Every year, November 8 is observed as Guinness World Record Day. People across the globe celebrate this day by attempting to break a world record! Since making or breaking a record is not an easy task, First India uses this opportunity to acknowledge the efforts of some of the World record-holders from the Pink City, Jaipur.
History of Guinness World Record Day
In 1951, an argument broke out between Sir Hugh Beaver and his fellow hunting mates in North Slob in County Wexford, Ireland. The argument was about which bird was the fastest game bird in Europe!
While we now know that the fastest game bird is the plover, it cast light on an issue about available reference books. None of them compared flight speeds of various birds, something we can’t imagine he was terribly surprised by. This was something that Sir Hugh was determined to change, and change it he did.
He got together with Norris and Ross McWhirter to create the first-ever compilation of record, well, everything they could get their hands on. So it was that the first 1000 copies of the Guinness Book of Records were printed in 1954.
The book was hugely successful, and thus the legacy that is the Guinness Book of World Records was born and has continued to be reprinted every year, ever since. Guinness World Record Day was established to give people a day to focus on challenging existing records or putting forth a new record to be put into the books. That latter is for the truly ambitious, but it’s entirely possible!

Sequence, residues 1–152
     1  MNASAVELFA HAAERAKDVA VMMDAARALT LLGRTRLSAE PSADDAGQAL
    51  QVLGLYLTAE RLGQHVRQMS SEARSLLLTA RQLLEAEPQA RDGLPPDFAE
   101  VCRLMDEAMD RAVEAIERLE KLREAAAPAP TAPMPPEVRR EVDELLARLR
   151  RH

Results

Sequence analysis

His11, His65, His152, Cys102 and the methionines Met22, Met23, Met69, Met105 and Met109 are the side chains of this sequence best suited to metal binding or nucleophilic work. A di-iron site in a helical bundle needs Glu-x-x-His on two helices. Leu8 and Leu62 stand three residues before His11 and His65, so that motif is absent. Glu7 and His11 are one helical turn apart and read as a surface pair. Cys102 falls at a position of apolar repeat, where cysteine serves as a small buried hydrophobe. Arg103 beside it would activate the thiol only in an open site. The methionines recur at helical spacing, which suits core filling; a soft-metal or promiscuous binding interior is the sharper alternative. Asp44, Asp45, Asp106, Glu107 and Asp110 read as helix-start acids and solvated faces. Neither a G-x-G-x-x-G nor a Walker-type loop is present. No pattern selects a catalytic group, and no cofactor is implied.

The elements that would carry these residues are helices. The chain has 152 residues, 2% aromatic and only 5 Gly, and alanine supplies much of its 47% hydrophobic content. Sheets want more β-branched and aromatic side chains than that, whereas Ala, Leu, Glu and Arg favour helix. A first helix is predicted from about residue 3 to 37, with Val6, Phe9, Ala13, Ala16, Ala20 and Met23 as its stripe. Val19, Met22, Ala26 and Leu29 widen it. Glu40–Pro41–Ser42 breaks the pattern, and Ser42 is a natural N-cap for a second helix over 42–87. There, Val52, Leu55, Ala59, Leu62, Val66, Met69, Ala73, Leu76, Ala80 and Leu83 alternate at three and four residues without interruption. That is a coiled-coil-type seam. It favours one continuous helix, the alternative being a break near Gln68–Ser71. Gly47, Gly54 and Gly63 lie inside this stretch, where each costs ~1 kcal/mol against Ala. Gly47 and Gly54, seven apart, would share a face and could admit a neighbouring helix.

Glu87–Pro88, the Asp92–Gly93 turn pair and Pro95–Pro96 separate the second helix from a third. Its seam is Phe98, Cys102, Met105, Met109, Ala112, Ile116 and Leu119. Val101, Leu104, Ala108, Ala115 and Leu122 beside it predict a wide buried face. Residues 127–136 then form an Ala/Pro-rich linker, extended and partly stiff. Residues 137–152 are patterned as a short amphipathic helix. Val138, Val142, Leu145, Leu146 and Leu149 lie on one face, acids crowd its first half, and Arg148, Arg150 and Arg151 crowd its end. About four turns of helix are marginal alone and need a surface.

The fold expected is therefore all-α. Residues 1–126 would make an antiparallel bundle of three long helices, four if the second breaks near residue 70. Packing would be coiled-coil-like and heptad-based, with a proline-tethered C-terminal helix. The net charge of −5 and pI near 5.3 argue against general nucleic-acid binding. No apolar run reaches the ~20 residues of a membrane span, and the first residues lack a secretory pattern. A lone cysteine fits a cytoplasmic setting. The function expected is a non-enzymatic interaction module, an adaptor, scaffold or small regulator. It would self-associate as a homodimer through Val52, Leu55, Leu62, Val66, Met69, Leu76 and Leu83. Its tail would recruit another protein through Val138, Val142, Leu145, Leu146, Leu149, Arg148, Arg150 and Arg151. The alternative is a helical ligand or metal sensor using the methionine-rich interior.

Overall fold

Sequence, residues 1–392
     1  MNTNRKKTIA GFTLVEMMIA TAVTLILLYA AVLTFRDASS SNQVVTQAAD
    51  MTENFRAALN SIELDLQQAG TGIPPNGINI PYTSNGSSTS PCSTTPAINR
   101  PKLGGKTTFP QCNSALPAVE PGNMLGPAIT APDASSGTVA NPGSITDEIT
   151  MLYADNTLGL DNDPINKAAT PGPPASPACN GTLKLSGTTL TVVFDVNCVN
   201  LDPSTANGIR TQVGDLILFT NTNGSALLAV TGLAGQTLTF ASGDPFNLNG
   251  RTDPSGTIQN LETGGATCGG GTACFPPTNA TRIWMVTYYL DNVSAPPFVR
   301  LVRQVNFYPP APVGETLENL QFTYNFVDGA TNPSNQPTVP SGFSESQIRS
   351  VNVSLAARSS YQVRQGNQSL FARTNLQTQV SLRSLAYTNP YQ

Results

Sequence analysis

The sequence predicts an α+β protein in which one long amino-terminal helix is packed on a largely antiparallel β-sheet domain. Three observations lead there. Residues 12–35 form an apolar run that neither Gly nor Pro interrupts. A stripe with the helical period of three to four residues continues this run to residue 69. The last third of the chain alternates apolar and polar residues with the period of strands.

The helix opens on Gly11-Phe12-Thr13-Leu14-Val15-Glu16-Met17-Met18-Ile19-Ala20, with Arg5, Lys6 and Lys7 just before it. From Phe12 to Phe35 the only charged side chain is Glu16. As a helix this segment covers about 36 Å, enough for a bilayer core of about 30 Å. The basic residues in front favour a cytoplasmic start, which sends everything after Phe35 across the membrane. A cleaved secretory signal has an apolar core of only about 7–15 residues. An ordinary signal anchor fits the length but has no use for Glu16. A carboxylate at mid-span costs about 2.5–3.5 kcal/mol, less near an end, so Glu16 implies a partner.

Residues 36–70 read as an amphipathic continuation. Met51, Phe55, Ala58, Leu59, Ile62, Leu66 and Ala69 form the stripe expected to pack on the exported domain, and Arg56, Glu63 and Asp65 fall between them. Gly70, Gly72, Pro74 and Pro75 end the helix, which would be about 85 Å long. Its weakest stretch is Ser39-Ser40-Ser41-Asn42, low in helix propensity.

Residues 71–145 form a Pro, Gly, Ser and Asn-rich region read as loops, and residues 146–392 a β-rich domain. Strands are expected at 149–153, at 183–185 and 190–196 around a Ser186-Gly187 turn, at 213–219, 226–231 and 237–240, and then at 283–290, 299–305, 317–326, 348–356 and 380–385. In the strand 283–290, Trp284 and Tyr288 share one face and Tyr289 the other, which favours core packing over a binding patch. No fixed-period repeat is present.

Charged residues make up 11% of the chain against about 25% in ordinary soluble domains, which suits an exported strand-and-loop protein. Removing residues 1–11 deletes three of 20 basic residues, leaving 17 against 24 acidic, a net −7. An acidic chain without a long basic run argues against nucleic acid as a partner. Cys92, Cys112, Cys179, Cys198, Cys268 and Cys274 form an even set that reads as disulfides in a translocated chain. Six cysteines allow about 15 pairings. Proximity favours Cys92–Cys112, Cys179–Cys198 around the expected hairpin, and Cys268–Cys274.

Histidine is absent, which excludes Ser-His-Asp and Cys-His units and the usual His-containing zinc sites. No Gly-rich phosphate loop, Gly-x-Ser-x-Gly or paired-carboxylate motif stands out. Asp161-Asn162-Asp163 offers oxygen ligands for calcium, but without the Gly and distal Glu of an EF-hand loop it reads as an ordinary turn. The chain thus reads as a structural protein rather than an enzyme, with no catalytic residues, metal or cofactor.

Satsang Bhavan at Govind Devji Temple
Temple with a marvellous feat of architecture, the Satsang Bhavan at Govind Devji Temple holds the record for the world’s widest RCC flat roof construction with a single span of 119 feet. The hall was opened in July 2009, the same year when it entered the Guinness Book of World Record.
The construction work of the roof started on July 7, 2007 and to the structural architectural marvel took its shape on July 25, 2009, just after 383 days of the beginning, it was dedicated to the public in a spiritual ceremony in the campus under the roof of this World Record!
The structure cost Rs 30 million. The flat roof is made of a grid slab (RCC roof constructed using a criss-cross square grid of deep ribs). The roof sizing 36 meters x 38 meters is resting on four peripheral beams. The outer beams, in turn, rest on eight columns on the outer periphery, four at the corners and four in the middle of each side. Being the pillars at distance from each other, to minimize the deflection (the sagging of the roof) and to bring it into permissible limits, the thickness of the slab was increased to 200 mm. The equipment and technology used in making flyovers and bridges were put to work for this construction. The post-tensioning technology, latest in building construction has been used. It took 36 hours to lay its roof; 90 trucks had to enter the site during this period. 290 tons of steel has been consumed and 2000 cubic meters of concrete has been used. The hall is 119 feet long and 124 feet wide with a 12-meter deep foundation. The height is 24 feet from the ground. The roof area is 15827 square feet.
Ram Singh Chauhan
Jaipur-based Ram Singh Chauhan is the proud owner of the longest moustache in the world and a mention in the Guinness Book of World Records. Chauhan inched his way to a hair-raising record as the owner of the world’s longest moustache according to the Guinness Book of World Records. He is the proud owner of the world’s longest moustache – at an astonishing 14 feet long.